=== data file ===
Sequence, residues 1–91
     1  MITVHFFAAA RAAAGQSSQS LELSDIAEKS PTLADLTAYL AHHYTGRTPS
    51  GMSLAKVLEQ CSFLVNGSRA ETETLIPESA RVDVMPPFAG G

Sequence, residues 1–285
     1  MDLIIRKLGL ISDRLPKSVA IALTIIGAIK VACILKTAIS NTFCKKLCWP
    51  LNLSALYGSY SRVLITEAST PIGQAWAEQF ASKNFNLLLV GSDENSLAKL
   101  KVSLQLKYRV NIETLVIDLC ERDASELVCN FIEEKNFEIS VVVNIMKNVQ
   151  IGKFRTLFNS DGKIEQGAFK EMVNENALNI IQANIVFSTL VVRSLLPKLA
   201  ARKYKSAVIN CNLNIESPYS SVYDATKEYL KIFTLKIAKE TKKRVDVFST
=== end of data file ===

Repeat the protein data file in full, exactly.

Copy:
Sequence, residues 1–91
     1  MITVHFFAAA RAAAGQSSQS LELSDIAEKS PTLADLTAYL AHHYTGRTPS
    51  GMSLAKVLEQ CSFLVNGSRA ETETLIPESA RVDVMPPFAG G

Sequence, residues 1–285
     1  MDLIIRKLGL ISDRLPKSVA IALTIIGAIK VACILKTAIS NTFCKKLCWP
    51  LNLSALYGSY SRVLITEAST PIGQAWAEQF ASKNFNLLLV GSDENSLAKL
   101  KVSLQLKYRV NIETLVIDLC ERDASELVCN FIEEKNFEIS VVVNIMKNVQ
   151  IGKFRTLFNS DGKIEQGAFK EMVNENALNI IQANIVFSTL VVRSLLPKLA
   201  ARKYKSAVIN CNLNIESPYS SVYDATKEYL KIFTLKIAKE TKKRVDVFST